I can just open it up, and look at it, and scroll to get more information. If I need to know who did that, I look to the side and there they are.And no, he's not a designer, or particularly a mobile guy, and I didn't set his phone up for him. I've never even touched it. Based on many other observations I have made of all sorts of mobile users, a lot of them use their devices this way. You don't drill into the app, or even launch it. You just un-sleep the screen and glance at it. Maybe, just maybe, you have to scroll a little ways. Or, I claim from all these, they want to. I still feel the same way I did about Widgets in 2007
A question I assume many of you will ask is: Why isn't Windows Phone the market share winner? Well, lots of the usual reasons. Marketing, price, distribution, hardware, networks and operators, and so on. By no means does the best device win. Everyone seems to now be comfortable with OSX devices selling in their non-dominant market, so think about that. I'll tell you that a lot of these relatively niche devices (like WebOS or Windows Phone) are beloved by most users of them that I know, or have interviewed for research. They give them up due to unavailability, or lack of key apps or some other aspect outside the core interactive design paradigm. But also, we may be getting there. Android is doing rather well, and if you were inclined to, you could say it's because they support widgets, and this flexibility of layout is at least part of the success. I actually cannot find a useful "reason I chose Android" study to say that, and it's possibly untrue, but everyone else lies about statistics to prove their point. So I say that Android wins because the idle screen is more flexible and can be more mobile-optimized (I actually /do/ talk to end users who say this is why they chose it). And even more importantly, tomorrow is the future. Mobile, more than other technologies, changes all the time. And often in unexpected ways. On Thursday, a new head for HP. Is WebOS on the way back? Or this recent InfoWeek survey of mobile OSs (available at their site, but thru a subscription wall so the link may or may not be good) that shows Windows Phone perceived as just a tidge less useful to the IT professional than iOS. The future doesn't even have to be a variation on what we have today. There are OSs on the market off in other corners of the world you might not have heard of. Speaking of Itai, his Else phone prototype was a shockingly amazing piece of design in every way; I see no reason something that radical cannot make it to market sometime and surprise us all. Or maybe the web will take over, and the device OS won't matter. Or… something else. I have no idea what tomorrow will really bring. But it won't be more grids of icons.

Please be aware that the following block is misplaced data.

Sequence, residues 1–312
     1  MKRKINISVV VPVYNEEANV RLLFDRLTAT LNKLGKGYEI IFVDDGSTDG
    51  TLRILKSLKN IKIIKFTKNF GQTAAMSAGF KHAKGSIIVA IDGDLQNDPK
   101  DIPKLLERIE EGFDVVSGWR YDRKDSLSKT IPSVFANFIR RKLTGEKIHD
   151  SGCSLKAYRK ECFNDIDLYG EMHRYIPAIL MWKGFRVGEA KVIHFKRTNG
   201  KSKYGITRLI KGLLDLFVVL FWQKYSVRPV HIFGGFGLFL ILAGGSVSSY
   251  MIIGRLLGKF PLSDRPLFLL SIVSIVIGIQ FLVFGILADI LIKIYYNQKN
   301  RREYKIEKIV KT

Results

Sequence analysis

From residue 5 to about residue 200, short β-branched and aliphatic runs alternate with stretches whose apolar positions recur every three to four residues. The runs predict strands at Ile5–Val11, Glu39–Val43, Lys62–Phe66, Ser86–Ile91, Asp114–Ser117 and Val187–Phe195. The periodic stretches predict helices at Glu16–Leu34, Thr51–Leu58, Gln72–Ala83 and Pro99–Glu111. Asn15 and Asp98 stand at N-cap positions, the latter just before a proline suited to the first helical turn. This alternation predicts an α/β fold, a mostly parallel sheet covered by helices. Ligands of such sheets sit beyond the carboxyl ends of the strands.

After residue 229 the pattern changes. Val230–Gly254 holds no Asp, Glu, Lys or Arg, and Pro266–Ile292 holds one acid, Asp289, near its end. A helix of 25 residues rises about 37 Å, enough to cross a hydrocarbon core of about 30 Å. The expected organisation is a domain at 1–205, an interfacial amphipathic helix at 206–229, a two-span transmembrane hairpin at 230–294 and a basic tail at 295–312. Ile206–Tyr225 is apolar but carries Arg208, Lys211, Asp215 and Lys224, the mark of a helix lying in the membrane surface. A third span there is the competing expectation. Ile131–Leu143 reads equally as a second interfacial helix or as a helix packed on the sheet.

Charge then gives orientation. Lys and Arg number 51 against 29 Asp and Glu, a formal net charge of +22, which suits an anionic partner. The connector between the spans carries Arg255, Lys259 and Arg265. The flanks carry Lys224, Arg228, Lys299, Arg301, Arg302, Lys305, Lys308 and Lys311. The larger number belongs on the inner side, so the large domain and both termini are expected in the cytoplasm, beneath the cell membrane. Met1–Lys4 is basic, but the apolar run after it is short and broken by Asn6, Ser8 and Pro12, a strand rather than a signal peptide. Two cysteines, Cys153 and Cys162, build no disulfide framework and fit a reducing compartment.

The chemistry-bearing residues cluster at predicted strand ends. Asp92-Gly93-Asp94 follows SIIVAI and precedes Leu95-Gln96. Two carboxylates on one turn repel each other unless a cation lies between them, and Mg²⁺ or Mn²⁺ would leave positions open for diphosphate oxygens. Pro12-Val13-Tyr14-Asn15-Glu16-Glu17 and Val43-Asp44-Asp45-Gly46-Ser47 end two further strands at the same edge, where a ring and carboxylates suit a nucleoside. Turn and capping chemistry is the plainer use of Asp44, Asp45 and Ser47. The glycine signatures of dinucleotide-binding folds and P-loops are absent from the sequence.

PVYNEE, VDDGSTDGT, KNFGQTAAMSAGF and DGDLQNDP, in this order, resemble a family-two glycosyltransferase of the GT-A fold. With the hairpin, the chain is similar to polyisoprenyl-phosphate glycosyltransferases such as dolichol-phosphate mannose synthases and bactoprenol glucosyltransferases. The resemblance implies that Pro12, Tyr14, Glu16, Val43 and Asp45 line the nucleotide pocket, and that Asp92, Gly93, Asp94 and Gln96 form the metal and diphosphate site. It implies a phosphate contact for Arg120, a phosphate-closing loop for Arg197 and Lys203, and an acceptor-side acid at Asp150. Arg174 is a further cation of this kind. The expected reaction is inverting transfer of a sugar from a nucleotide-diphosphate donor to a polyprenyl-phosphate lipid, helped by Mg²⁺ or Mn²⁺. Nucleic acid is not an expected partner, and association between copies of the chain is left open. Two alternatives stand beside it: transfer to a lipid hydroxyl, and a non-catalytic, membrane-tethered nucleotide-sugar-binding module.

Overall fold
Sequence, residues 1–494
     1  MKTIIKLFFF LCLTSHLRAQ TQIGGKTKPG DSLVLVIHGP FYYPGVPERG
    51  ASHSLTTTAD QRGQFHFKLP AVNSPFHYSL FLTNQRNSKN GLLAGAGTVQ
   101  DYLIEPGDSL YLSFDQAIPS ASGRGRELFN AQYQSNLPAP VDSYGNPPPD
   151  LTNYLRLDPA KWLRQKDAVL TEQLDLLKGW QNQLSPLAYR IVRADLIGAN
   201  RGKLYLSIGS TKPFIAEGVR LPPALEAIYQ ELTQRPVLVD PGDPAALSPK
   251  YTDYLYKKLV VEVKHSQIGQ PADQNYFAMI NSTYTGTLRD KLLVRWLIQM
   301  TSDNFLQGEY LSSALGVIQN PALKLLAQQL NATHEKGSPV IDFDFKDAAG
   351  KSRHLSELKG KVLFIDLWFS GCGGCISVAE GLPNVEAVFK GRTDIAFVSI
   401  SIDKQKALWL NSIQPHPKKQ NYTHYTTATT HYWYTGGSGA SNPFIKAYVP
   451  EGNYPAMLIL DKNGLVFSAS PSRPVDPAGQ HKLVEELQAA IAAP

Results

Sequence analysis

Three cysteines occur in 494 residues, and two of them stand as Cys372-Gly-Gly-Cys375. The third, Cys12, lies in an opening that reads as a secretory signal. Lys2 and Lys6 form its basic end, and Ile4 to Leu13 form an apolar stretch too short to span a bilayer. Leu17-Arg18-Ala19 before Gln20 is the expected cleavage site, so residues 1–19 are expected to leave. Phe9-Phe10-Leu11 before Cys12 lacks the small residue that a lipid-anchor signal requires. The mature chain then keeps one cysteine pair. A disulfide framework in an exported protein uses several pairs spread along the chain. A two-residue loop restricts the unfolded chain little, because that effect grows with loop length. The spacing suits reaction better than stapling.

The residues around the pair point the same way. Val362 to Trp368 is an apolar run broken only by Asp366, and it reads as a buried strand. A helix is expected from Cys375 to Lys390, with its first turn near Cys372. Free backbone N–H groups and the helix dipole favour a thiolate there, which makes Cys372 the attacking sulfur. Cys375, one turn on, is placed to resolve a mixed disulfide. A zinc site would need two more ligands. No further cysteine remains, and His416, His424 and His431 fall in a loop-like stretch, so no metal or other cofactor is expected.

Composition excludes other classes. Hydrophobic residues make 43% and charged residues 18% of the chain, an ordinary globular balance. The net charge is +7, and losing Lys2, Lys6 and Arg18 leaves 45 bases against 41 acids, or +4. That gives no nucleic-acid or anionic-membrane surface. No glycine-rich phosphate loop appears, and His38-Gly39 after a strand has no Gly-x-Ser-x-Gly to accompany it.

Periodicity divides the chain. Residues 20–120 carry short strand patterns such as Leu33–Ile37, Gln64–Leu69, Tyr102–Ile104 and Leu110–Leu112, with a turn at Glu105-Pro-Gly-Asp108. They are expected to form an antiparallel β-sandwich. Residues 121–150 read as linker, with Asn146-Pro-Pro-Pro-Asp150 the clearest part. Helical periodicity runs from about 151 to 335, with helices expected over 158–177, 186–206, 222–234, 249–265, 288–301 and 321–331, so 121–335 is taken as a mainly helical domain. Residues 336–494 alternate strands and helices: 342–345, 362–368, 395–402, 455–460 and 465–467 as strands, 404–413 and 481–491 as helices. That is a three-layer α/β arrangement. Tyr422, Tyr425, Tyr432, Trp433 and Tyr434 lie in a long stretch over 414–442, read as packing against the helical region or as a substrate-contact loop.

For more on designing widgets, or just making those bog-standard lists and grids the best they can be, check out our forthcoming book Designing Mobile Interfaces. Pre-order from Amazon for a significant discount, or read the content online right now.